In the middle section of the Phenomenology of Spirit‘s chapter on “Reason,” entitled “The Actualization of Rational Self-Consciousness Through Its Own Actuality,” Hegel makes a strange methodological choice. On our journey toward Spirit, Hegel claims, we can take one of two approaches — either study individual reasoning subjects who exist before Spirit emerges and therefore must found it, or else study individuals who have become alienated from some particular form of Spirit. Both, he claims, will amount to the same thing, and “since in our times that form of these moments is more familiar in which they appear after consciousness has lost its ethical life and, in the search for it, repeats those forms [i.e., the forms that precede Spirit], they may be represented more in terms of that sort” (par. 357). What follows is a study of three characters — Faust, Schiller’s Karl Moor, and Don Quixote — whom Hegel believes to embody this modern trend.

There is much that is questionable here. First, we get no demonstration that the pre-Spirit and post-Spirit individualities are the same — he just kind of asserts it. Second, this approach seems to contradict his phenomenological method, because suddenly we’ve skipped to a point where Spirit already exists. Hyppolite suggests that Hegel is aiming for more topical relevance, as in his discussion of physiognomy and phrenology, but it’s not like someone flipping through the Phenomenology in the bookstore would be able to identify the discussion of Don Quixote as such.

The best reason I’ve been able to come up with for Hegel’s approach here is that working through the pre-Spirit forms would inevitably become a boring re-hash of social contract theory. And though I haven’t fully fleshed this out by any means, it occurs to me that if this is what the pre-Spirit treatment would have looked like, then perhaps we can do some of the work ourselves to figure out why Hegel’s post-Spirit sequence would be broadly similar to the pre-Spirit — perhaps we’d go through a sequence of Hobbes (self-interest submits to necessity), Rousseau (spontaneous goodness succumbs to corrupt power structures), and Adam Smith (moral sentiment gives way to rational self-interest, which turns out not to be as selfish as it thought).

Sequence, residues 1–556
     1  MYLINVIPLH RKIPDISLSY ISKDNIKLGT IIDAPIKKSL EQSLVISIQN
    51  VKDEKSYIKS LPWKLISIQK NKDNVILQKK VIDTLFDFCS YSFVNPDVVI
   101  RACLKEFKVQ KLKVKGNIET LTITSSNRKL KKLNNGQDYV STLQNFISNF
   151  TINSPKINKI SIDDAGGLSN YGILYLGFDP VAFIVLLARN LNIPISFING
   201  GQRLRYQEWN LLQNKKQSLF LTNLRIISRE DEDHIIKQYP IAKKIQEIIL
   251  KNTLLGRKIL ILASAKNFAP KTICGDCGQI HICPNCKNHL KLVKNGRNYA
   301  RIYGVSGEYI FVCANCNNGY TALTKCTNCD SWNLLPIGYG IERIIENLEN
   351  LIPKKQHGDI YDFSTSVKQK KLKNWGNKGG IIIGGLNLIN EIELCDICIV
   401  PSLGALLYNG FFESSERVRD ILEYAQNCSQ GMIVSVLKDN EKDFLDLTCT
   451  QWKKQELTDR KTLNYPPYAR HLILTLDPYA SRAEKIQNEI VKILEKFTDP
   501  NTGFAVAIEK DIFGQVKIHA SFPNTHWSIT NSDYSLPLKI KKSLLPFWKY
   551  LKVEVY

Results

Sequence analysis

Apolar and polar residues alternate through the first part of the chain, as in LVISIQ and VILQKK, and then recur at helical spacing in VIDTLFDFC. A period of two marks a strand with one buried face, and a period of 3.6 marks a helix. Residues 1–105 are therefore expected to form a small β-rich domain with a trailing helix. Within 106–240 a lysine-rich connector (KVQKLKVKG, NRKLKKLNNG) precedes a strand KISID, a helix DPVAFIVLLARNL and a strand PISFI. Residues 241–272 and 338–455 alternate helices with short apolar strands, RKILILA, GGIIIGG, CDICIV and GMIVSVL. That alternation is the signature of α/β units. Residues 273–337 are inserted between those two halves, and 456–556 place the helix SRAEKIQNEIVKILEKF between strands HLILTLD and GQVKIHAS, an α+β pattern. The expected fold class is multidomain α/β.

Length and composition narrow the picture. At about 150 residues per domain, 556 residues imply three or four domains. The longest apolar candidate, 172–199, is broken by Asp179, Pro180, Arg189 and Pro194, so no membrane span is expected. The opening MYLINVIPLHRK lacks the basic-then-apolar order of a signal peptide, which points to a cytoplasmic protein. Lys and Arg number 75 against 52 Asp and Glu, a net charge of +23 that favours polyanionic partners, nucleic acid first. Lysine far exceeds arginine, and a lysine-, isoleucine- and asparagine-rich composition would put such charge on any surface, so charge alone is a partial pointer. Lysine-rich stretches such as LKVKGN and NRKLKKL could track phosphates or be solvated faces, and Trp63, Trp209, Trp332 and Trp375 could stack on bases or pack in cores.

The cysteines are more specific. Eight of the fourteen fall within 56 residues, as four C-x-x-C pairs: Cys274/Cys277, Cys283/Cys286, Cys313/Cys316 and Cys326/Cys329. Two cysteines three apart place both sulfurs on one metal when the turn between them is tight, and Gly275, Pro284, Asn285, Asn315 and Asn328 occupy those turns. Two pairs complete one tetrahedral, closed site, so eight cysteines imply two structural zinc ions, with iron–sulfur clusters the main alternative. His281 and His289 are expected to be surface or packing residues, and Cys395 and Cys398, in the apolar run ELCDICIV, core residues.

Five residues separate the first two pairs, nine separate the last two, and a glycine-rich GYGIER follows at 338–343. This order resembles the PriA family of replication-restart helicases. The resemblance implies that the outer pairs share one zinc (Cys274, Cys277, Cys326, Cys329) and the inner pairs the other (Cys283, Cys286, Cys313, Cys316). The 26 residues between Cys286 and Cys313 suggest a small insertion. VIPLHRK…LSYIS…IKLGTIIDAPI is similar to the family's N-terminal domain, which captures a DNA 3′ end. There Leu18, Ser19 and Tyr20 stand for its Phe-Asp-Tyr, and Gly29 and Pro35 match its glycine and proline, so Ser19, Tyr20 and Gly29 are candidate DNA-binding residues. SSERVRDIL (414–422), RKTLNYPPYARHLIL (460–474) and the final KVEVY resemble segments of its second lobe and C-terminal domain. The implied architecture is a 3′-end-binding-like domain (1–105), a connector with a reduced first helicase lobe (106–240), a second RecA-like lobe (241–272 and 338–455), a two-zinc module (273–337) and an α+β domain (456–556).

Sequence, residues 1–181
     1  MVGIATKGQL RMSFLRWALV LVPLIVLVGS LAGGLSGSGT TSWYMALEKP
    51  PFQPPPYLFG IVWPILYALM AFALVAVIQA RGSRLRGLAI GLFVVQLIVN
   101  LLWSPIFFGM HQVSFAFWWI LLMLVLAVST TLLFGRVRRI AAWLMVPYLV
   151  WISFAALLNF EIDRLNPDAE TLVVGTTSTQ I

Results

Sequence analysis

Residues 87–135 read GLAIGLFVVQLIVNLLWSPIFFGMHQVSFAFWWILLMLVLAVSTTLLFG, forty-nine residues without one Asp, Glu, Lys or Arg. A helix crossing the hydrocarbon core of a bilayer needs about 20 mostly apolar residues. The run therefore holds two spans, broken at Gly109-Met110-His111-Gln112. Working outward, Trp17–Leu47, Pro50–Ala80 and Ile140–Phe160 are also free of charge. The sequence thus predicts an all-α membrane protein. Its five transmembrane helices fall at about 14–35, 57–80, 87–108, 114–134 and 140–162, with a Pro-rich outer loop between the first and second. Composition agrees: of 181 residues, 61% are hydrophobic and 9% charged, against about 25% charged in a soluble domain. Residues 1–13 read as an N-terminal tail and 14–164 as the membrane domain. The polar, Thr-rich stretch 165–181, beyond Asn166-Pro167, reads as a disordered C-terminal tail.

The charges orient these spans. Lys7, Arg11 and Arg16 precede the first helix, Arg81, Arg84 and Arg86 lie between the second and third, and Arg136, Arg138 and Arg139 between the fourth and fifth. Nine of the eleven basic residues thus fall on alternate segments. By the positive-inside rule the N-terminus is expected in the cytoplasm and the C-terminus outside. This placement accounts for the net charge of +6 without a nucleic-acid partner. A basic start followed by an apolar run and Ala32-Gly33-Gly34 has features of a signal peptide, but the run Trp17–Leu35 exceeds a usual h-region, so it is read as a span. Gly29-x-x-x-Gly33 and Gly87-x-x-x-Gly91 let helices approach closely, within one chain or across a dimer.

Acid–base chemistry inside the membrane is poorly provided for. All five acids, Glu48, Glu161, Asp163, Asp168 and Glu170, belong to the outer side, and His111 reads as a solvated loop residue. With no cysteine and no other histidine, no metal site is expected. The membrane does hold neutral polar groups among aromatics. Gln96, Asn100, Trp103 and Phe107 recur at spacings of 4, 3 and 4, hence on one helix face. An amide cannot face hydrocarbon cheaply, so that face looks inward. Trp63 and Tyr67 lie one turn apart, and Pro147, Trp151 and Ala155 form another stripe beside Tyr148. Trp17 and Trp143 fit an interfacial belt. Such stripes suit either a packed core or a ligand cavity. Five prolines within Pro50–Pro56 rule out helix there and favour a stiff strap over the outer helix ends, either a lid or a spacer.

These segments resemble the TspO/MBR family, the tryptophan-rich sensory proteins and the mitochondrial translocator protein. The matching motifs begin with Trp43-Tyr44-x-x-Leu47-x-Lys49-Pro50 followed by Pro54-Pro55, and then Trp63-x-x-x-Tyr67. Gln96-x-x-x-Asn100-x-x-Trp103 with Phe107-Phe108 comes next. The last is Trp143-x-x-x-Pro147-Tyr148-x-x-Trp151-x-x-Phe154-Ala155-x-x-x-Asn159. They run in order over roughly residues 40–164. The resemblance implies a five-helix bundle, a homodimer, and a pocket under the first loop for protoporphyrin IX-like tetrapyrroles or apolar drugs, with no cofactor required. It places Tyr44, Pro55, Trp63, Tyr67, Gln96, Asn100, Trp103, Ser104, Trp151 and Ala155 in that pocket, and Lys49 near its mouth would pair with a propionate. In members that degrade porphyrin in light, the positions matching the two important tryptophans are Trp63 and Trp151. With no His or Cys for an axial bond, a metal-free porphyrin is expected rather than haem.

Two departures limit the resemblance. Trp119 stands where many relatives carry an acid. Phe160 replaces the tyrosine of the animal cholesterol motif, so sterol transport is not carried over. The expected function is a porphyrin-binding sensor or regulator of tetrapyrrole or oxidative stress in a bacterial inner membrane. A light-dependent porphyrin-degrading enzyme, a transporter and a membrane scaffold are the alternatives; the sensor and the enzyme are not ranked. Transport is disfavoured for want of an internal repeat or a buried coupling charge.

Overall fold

Many readers may find themselves in the midst of the AAR/SBL meeting this week. It is the largest convention for scholars involved in the morass of fields that go under the name “religion”. Below you’ll find a list of sessions that authors of AUFS are taking part of.  Read the rest of this entry »

Racism and the refugee problem

In a less racist country, the reasoning would go like this: the people fleeing ISIS from Syria hate ISIS more than we possibly could, more even than the French could. Attacks on the scale of the tragedy in Paris are routine in ISIS-controlled areas, resulting in entire cities being levelled. If we let them in and generously provide for them, we would be building up a community of grateful, patriotic Americans whose presence and loyalty would undercut the message on which ISIS thrives.

Note that I didn’t say a more “rational” country or use any other vague and formalistic word. Yes, people lack logical reasoning and long-term thinking on this issue, but it’s not like they had a spontaneous brain-fart — it’s racism that’s deluding them. Only extreme racism could make you think that people’s shared ethnic background would create a bond of loyalty that transcends murder, rape, destruction of homes and livelihoods, etc.

Note also that I didn’t say a “kinder” or “nicer” country. Yes, people are being exceptionally heartless, but again, it’s not some random moral failing on the part of individuals. Racism is what makes people see refugees as less worthy of concern, just as it’s what makes people inclined to explain away the murder of unarmed blacks by police. Only racist logic could make the extremely remote possibility of an ISIS “sleeper” sneaking in among the refugees into an excuse to deny thousands of people the chance to rebuild a livable life.

The Republican governors who are refusing admission to refugees aren’t simply idiots, or crazy ideologues, or heartless bastards — though they are undoubtedly all those things. The root cause of all of that is that they’re racists.

Posted in race. 16 Comments »

The Hypocrisy of Christianity: Or, “I’m not perfect, just forgiven”

Christianity promotes an extremely demanding ethic in principle. The problem is that it also provides unlimited, unconditional forgiveness for failing to live up to that ethic.

The history of mainstream Christianity is the story of embracing the latter principle until the former is a vestigial organ. The end result is a situation like today, where conservative Christians never see a “necessary evil” they don’t love.

It’s more complicated than pointing out Bible verses. Conservative Christians are not being “hypocritical” by failing to live up to the challenging ethical teachings — hypocrisy *is* the ethic of mainstream Christianity.

Hence the scorn that conservative Christians reserve for those naive fools who think we’re supposed to live according to Jesus’ teachings. If you quote a liberal-sounding Bible verse at them, that just shows you’re not in on the joke.